Rand in Southeast Asia: A History of the Vietnam War Era

By Mai Elliott | Go to book overview

CHAPTER TWO
“What Makes the Viet Cong Tick?”

It was with the rank of general that Joe Zasloff arrived in Saigon with his wife Tela in summer 1964 to run a new RAND research project called “Viet Cong Motivation and Morale.” Harry Rowen in the Pentagon had agreed to fund the project. As did other civilians attached to the Defense Department in Vietnam, Zasloff had to carry a military rank roughly the equivalent of what he would have qualified in civil service status. Before Zasloff’s departure, an aide to Harry Rowen telephoned RAND and asked what rank Zasloff should have. Since Zasloff was going to depend on the U.S. Military Assistance Command in Vietnam for support for everything from obtaining living quarters to securing transport for his field study, the reply was, “Do the very best you can, it’s a difficult project, and the higher we can get, the better.”1 The Pentagon obliged and gave Zasloff the rank of general to facilitate his work in Vietnam.

Traveling to a war zone required more than getting a ticket and boarding a plane. First, the Zasloffs had to obtain theater clearance from the Department of Defense. This did not pose a problem since the Viet Cong Motivation and Morale Project had been approved by the International Security Affairs within the Office of the Secretary of Defense. For Joe Zasloff, who knew French, the language most of South Vietnam’s elite still spoke, going to Vietnam was not as novel as it had been in 1959, when he was selected to teach at the University of Saigon. He had applied for a grant simply to teach abroad, destination unspecified, and when he was informed that he had been assigned to a place called Saigon, he ran to a map to see where it was located.2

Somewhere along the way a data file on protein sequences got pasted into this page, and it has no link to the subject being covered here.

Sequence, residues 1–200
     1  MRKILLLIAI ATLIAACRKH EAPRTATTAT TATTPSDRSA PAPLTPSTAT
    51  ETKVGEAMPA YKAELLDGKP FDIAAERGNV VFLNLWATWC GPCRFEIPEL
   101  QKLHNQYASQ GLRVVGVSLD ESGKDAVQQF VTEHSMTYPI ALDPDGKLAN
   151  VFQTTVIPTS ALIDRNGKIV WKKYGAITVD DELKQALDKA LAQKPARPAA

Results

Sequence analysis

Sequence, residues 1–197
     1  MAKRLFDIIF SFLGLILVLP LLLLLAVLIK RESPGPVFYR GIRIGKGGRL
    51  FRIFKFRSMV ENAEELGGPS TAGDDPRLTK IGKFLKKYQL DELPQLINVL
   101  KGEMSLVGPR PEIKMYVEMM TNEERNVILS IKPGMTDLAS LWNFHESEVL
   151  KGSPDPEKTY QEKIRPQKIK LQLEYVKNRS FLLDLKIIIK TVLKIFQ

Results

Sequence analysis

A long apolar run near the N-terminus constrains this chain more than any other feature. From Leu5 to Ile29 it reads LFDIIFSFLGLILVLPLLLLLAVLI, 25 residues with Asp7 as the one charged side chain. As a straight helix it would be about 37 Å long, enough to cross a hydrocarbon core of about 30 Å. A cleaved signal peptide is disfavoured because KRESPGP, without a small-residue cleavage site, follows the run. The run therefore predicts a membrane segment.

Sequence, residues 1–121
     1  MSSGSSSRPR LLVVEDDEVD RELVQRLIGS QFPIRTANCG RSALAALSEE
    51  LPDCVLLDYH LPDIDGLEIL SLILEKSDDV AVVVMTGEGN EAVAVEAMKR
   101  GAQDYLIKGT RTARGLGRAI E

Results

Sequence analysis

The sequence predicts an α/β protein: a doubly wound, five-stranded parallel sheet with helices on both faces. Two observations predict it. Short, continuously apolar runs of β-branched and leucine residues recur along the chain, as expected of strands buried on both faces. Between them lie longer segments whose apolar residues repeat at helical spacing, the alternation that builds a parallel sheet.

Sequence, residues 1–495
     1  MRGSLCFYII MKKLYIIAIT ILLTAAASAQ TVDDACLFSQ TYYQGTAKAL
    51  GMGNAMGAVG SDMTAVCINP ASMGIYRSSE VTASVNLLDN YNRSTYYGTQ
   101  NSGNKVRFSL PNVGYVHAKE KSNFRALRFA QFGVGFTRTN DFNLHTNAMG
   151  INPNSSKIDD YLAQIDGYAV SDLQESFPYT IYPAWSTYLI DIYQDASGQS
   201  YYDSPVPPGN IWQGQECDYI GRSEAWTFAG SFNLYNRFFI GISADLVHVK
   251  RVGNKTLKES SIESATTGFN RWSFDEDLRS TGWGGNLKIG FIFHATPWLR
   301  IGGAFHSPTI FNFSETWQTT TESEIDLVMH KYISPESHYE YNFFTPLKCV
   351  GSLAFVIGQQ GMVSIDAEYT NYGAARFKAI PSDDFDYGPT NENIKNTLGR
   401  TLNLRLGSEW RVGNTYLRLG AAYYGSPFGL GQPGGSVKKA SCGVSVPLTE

Zasloff had learned French in high school and college. His fluency had improved while he served in France during World War II and subsequently while studying at the University of Geneva for his doctorate degree. In Saigon, he taught as a visiting professor at the Faculty of Law, lecturing in French, and collaborated with the University of Michigan Group on a study of provincial administration in Vinh Long in the Mekong Delta. Zasloff thus belonged to a small group of Vietnam experts who possessed first-

1 David Landau, “Behind the Policy Makers: RAND and The Vietnam War,” Ramparts, November 1972, pp. 31–32.

2 Author interview with Joe and Tela Zasloff, 2003.

-45-

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Rand in Southeast Asia: A History of the Vietnam War Era
Table of contents

Table of contents

  • Title Page i
  • Foreword iii
  • Preface v
  • Contents xiii
  • Photos xv
  • Maps xvii
  • Acknowledgments xix
  • Introduction - Rand- The Beginning 1
  • Chapter One - A Remote Corner of the World- The Beginning in Vietnam 7
  • Chapter Two - "What Makes the Viet Cong Tick?" 45
  • Chapter Three - Escalation and Airpower 91
  • Chapter Four - Controversy 149
  • Chapter Five - The Many Aspects of the War 205
  • Chapter Six - The Mekong Delta and the Central Highlands 249
  • Chapter Seven - The Tet Offensive 285
  • Chapter Eight - Pacification and Vietnamization 349
  • Chapter Nine - The Pentagon Papers 415
  • Chapter Ten - The End of the War 499
  • Chapter Eleven - Laos and Thailand- Sideshows 541
  • Epilogue - Diversification 615
  • Bibliography 627
  • Author Biography 653
  • Index 655
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